There is an old Russian proverb that says, “When wolves form packs, it portends the coming of starvation, plagues and wars.”  Throughout Russian history, indeed world history, there is evidence that wolf numbers increase substantially just prior to, and during times of severe economic depression, famine, and war.
It is an historic fact that wolves followed Russian troops into battle during WW I and WW II. The spoils of war provided wolves with ample opportunity for a good meal. Author Will Graves’ book, Wolves in Russia – Anxiety through the Ages [c. 2007], chronicles the brutal history of the Russian people’s long association with wolves. It is a compilation of facts detailing man’s interaction with Canis lupus in a part of the world where man and beast have competed against each other for centuries. I urge everyone to read this book. Click here to order a copy directly from the author.
Russian authorities have always feared an uprising among the peasant classes, which is why common citizens are denied the right to bear arms. The Russian government often downplayed and censored the true impacts of wolves on the Russian people and economy fearing the peasant classes would begin arming themselves for protection. The Czars, and the Soviet dictators that followed them, were responsible for the suffering and deaths of thousands of defenseless Russians from untold numbers of wolf attacks. When wolf impacts rose to an intolerable level, the common people demanded that the government take action. All too often, that action was too little, too late.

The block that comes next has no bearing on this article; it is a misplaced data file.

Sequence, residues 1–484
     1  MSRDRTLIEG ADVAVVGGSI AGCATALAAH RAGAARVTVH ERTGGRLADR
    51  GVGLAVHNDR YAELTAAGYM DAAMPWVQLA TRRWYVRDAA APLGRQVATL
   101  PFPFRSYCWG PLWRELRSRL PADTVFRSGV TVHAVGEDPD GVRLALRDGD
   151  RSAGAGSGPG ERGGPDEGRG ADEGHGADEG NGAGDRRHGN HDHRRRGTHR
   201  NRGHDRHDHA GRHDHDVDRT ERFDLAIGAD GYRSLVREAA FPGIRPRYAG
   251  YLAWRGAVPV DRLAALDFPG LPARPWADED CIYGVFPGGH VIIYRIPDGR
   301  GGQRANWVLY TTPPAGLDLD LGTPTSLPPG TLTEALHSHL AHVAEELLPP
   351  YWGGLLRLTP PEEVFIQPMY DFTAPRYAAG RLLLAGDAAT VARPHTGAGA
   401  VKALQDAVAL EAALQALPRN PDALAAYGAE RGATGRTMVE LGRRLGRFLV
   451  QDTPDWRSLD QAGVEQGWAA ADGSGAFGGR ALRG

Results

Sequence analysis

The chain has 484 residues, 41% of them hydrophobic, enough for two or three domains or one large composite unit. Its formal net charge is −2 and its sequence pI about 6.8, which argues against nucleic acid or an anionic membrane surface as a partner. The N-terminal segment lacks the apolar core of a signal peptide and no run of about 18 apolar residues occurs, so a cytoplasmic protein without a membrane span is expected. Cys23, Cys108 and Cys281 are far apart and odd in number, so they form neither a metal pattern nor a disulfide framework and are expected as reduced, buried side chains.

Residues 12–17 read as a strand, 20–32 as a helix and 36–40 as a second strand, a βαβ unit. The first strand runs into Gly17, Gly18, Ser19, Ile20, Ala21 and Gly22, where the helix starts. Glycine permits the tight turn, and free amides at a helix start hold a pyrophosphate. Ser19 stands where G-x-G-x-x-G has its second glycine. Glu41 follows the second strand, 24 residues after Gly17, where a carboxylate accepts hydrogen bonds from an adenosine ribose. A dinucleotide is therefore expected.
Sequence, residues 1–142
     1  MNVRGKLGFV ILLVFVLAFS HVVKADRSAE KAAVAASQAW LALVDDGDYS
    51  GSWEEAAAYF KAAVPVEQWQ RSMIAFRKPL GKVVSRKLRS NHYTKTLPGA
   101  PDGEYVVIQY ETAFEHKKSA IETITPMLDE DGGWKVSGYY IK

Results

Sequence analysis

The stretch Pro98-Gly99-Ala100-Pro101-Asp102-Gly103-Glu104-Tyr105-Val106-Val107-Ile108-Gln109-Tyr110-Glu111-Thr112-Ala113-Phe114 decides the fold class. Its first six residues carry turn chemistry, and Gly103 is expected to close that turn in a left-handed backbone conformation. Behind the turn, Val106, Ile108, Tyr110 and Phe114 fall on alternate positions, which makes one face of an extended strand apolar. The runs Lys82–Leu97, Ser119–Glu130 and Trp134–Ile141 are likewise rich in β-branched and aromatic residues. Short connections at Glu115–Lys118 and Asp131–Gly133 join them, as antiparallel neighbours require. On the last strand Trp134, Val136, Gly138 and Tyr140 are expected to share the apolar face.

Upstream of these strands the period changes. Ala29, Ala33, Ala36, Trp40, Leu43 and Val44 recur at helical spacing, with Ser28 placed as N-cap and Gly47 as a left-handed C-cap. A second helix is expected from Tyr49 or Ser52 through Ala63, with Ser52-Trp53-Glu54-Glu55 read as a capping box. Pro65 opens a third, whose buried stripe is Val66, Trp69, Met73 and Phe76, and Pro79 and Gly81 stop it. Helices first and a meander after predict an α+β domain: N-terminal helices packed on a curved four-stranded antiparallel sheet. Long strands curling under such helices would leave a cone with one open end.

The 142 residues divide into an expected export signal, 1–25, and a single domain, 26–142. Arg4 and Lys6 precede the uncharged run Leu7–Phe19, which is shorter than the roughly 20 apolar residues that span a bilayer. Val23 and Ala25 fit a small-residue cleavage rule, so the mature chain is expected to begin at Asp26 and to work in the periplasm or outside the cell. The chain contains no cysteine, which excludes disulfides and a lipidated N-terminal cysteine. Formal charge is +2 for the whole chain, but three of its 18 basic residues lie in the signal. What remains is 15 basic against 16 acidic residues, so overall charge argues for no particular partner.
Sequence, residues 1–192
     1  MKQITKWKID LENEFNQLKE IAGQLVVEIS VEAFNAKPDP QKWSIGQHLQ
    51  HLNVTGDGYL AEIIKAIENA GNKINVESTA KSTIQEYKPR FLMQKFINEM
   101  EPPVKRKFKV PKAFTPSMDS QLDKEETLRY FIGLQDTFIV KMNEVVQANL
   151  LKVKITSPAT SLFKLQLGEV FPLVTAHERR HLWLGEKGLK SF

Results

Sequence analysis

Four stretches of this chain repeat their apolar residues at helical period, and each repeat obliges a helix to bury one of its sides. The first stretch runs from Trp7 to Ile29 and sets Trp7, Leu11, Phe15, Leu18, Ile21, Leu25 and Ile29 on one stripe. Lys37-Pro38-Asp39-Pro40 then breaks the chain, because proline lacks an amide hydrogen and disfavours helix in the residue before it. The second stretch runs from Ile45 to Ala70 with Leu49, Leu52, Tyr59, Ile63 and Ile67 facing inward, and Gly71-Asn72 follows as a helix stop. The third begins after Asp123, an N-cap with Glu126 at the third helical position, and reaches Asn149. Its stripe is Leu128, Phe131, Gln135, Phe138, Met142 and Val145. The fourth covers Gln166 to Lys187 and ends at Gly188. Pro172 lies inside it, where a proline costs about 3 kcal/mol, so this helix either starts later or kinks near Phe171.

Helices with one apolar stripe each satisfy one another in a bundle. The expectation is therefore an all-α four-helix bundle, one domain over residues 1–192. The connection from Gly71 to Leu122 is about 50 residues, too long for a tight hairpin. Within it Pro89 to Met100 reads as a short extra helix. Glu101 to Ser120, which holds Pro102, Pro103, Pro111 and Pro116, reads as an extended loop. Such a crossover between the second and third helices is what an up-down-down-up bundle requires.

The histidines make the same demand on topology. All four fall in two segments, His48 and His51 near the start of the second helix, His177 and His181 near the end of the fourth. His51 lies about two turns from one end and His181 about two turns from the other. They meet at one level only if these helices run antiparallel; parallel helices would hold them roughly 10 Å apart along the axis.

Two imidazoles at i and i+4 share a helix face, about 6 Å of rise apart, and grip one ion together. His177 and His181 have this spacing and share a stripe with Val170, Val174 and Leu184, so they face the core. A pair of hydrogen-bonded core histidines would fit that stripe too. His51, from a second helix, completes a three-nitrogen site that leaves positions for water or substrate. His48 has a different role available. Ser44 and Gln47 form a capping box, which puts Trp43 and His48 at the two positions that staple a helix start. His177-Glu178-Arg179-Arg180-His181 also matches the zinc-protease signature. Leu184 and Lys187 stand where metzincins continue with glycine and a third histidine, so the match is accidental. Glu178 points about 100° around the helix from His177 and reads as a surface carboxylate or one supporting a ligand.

If the truth were widely publicized about how many people have actually been killed by wolves in Russia, the real cost in ruined lives, livestock losses, and the impact on the economy, westerners may have had second thoughts about allowing wolves to recolonize significant portions of America. The reason wolves have historically killed so many Russians, and so few Americans, stems from the fact that North American explorers, settlers, and citizens, have always been able to confront problem wolves with firearms. As it were, Russian authorities often did not take official action or institute programs designed to retard wolf numbers until long after their rapidly expanding populations began to have severe impacts on an already depressed economy. Trying to fix the problem once it was out of control cost additional lives and resources.
The most important fact that anyone who reads Will Graves’ book will come away with is this: Wolves do not need special privileges, legal protections, or any help from man in order to be a successful species. In fact, just the opposite is true. If man does not consistently take strong measures to stave off wolves, their numbers will increase exponentially until they decimate game species and become a direct and pervasive threat to livestock and humans.